There is a legacy in education of the intentional segregation of students by so-called “ability” as early as the elementary grades together with pedagogies that over-emphasize mimicry and repetition (Ellis, 2008; Ellis & Berry, 2005). The roots of this system of mathematics education are found in the racist, classist, and ableist beliefs about human potential that coalesced into the eugenics movement (Ellis, 2008; Valencia, 1997). From our 21st century vantage point, it is easy to identify how what passed as eugenics research was biased and even falsified. But in the early 1900s, these false claims seemed to (and were manipulated to) confirm the prejudices of those in positions of power and privilege and were taken as truths upon which to base policies and establish practices in many areas of everyday life including in education (Duster, 2003). Indeed, the practice of tracking and use of labels such as “gifted” and “special” emerged during this period as solutions to what was perceived to be a problem in education – how to structure schooling for the increasingly diverse children who populated the classrooms of early 20th century America (Baker, 2002; Ellis, 2005). It is essential that we acknowledge this legacy of racism, classism, and ableism in structures of education and recognize that the limiting labels and constrained expectations for students with dis/abilities in mathematics are social constructions. It is not accidental but intentional that one finds, even in the year 2020, an over-representation of Black, Latinx, and Native American students in special education and lower track mathematics pathways while the same groups are underrepresented in gifted and honors pathways. Think about this as an issue of access; which students are given access to learn rigorous content, access to engage in meaningful learning activities, and even access to be seen and valued in common educational spaces?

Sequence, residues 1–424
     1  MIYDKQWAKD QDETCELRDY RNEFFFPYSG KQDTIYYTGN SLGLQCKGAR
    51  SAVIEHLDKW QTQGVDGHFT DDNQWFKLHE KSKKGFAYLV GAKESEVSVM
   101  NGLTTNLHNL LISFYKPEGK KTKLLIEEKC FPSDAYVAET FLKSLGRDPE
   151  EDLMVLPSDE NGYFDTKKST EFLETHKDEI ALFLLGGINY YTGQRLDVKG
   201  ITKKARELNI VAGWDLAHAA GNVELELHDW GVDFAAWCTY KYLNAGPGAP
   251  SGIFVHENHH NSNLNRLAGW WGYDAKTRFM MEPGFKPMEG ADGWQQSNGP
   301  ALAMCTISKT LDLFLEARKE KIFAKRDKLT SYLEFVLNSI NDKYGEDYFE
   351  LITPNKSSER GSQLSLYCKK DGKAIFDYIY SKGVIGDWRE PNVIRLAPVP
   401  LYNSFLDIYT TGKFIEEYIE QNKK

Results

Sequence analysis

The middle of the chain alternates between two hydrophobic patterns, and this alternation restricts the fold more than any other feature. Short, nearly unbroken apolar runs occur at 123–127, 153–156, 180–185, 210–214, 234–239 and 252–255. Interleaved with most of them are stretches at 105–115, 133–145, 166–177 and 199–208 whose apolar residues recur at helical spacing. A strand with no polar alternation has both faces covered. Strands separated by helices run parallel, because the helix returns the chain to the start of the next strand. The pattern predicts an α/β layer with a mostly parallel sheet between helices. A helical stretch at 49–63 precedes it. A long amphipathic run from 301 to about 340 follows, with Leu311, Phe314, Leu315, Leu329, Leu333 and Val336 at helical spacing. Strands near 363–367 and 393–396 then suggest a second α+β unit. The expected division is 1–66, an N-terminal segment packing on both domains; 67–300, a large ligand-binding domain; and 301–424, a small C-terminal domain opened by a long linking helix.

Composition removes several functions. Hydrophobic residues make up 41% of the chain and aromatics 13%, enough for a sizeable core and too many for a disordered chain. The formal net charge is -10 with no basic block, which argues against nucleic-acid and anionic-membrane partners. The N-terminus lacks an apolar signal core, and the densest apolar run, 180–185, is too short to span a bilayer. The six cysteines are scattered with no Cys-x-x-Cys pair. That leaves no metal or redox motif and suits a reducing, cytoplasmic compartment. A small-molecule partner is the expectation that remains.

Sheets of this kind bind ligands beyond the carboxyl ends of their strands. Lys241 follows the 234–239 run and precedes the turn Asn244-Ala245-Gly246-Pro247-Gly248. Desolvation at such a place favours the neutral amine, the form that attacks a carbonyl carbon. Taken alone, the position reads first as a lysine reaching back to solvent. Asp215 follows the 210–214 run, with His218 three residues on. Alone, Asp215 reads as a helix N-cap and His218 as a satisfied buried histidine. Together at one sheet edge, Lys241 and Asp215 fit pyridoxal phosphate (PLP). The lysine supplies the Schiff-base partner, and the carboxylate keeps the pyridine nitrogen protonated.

**Some questions to ask as you reflect on this element include:**